There was life for the New York Jets, prior to Tom  Brady winning every single season.

Time for the New York Jets look back. Normally we take a look at a game from the rivalry between the Jets and their upcoming opponent, like this one from Patriots week. So what do we do during the bye week when the team isn’t playing? We look back at a team the Jets aren’t facing in 2019. See what I did there? Let’s get to it.

The date was December 29, 2002. This was back during the Herman Edwards era, and we can also call it the “PRT”era, which stands for the Pre Reign of Terror era. 2002 was the first year that Tom Brady started every game for New England. The AFC East takeover had not officially taken place yet, so there was room for teams like the Miami Dolphins, and of course our Jets.

Entering the final week of the regular season, the Dolphins had nine wins leading the division, and the Patriots and Jets both had eight. The Jets had an outside chance of winning the division, but they needed help. Miami faced the Patriots earlier in the day, and if the Patriots won, all the Jets would need to do is beat Green Bay and the division was theirs! Tiebreakers make interesting bedfellows don’t they? It’s hard to fathom the idea of actually rooting for the Patriots in order to get a playoff berth.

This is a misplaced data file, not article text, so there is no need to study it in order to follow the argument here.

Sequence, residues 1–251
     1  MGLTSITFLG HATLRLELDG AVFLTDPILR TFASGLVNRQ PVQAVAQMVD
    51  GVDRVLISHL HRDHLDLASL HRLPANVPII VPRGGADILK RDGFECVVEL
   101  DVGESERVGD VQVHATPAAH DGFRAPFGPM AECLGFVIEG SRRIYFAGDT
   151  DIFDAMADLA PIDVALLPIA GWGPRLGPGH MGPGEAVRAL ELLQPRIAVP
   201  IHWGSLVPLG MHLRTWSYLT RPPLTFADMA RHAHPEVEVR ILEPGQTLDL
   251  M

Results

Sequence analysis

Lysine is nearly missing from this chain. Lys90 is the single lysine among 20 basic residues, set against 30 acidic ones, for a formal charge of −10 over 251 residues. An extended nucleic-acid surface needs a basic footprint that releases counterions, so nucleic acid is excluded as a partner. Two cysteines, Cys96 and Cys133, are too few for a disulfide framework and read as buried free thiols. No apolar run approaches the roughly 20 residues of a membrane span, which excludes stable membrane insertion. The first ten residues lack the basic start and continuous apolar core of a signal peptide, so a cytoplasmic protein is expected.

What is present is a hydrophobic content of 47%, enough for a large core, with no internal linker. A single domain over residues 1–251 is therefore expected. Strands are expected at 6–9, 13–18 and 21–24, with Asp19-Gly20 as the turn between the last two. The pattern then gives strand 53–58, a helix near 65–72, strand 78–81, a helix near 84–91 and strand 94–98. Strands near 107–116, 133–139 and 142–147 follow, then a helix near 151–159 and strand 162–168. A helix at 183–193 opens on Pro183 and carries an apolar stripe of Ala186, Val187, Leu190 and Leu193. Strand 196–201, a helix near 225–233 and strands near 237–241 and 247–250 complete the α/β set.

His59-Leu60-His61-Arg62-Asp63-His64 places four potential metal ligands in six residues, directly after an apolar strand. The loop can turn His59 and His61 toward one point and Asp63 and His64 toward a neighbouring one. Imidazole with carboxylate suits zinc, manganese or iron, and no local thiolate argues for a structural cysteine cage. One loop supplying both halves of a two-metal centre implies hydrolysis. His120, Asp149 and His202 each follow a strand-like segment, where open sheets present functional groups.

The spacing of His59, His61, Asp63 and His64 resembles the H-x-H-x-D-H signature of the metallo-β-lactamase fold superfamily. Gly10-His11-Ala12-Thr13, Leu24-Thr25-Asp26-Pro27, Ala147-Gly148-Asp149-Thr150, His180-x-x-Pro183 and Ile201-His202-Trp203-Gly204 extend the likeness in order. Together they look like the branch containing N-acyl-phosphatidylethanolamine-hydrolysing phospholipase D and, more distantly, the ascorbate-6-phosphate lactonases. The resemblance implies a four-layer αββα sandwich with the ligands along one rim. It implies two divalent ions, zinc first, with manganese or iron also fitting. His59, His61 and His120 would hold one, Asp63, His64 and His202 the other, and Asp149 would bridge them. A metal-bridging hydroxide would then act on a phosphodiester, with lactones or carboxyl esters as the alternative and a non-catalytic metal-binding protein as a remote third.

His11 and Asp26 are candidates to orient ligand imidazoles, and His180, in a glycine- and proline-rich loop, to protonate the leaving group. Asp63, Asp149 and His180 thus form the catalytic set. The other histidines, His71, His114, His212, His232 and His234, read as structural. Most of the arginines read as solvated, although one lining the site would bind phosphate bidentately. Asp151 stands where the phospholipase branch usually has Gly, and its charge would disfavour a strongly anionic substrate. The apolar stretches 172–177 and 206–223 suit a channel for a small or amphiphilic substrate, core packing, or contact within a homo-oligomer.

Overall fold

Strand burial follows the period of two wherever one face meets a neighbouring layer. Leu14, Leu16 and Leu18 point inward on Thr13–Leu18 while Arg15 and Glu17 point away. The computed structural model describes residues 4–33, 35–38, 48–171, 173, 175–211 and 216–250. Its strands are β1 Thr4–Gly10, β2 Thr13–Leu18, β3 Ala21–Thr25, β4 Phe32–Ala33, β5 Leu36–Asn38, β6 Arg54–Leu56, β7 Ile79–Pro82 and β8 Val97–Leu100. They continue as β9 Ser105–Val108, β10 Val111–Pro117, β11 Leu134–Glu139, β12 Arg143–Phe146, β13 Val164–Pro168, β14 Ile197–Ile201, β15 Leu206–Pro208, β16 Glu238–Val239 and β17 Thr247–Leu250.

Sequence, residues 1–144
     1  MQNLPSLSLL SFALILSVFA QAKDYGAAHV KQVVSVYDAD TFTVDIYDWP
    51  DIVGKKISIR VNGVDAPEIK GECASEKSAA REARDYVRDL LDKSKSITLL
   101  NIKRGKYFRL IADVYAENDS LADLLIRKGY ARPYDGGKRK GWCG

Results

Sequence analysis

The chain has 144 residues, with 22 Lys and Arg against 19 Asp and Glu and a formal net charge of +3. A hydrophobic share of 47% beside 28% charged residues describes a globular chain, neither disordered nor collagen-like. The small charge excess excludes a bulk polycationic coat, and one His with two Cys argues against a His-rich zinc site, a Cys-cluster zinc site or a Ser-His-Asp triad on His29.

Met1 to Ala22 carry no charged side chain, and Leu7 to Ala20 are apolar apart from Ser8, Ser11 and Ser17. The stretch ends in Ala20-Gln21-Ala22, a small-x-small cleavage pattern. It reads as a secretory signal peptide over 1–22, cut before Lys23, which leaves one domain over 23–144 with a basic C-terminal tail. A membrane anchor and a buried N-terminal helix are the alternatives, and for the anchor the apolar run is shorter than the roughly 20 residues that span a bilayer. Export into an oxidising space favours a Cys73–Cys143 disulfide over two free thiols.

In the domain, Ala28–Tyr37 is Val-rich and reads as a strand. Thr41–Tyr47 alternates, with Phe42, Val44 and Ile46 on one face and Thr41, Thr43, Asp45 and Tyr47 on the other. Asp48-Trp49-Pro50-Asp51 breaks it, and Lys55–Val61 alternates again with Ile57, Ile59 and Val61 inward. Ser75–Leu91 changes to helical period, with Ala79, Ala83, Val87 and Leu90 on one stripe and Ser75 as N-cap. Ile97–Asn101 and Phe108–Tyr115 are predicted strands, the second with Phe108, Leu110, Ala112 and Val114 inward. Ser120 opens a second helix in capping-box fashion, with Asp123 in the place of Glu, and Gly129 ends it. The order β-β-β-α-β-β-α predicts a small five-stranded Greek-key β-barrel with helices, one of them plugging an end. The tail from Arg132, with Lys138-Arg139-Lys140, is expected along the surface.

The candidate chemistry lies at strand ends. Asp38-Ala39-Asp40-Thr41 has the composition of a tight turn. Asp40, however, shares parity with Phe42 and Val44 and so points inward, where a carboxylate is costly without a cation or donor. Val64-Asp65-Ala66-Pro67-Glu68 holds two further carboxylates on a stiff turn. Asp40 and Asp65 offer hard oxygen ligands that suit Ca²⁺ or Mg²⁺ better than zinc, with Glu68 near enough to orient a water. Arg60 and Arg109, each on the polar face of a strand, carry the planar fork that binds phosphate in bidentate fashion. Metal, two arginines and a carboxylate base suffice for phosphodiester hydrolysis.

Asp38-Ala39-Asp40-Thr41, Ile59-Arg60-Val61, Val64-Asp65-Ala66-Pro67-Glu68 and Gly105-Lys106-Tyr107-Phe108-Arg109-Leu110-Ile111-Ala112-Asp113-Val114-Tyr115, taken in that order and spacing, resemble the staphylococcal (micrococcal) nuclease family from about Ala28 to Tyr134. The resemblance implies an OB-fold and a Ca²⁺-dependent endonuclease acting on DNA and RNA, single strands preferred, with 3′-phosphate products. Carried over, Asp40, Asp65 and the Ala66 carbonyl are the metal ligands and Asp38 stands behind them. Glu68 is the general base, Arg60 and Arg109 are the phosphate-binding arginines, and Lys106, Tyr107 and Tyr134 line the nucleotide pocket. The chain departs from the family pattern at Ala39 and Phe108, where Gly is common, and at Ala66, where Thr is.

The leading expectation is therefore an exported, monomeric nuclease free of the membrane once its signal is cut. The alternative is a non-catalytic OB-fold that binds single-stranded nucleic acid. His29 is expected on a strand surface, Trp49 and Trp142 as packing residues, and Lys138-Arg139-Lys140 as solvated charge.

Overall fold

Well the gods were Jets fans that day, as the Patriots topped the Dolphins 27-24 in OT, setting up the Jets where they needed to be. Win and you’re in. It doesn’t get more straightforward than that.

After a scoreless first quarter, the Jets opened the scoring with a ten play, 84 yard scoring drive that ended with Chad Pennington‘s first of four TD passes on the day, this one to Richie Anderson from a yard out. A 43 yard connection to favorite target Laveranues Coles helped set up the score. After a Ryan Longwell field goal on the ensuing drive, the Jets took the ball again and romped 67 yards on eight plays, and this time Pennington hit Wayne Chrebet from 12 yards out to put the Jets up 14-3. A late touchdown from Brett Favre to Terry Glenn kept it a four point game going into halftime.

That didn’t last very long. The second half belonged to Gang Green.

To start the third quarter, the Jets took the opening drive 60 yards over six plays, capped by a five yard touchdown run by Hall of Famer Curtis Martin to open up a 21-10 lead. Later in the quarter, Santana Moss was the recipient of Pennington’s third touchdown pass and the route was on. The score was 28-10.

In the fourth, Pennington threw his fourth touchdown, his second to Chrebet from 18 yards out and the Jets dominance was clearly stamped on this one. A late score by Lamont Jordan added an exclamation point to a 42-17 final score. The Jets parlayed it into a division title and their first home playoff game since 1998.

What a night for the Jets!

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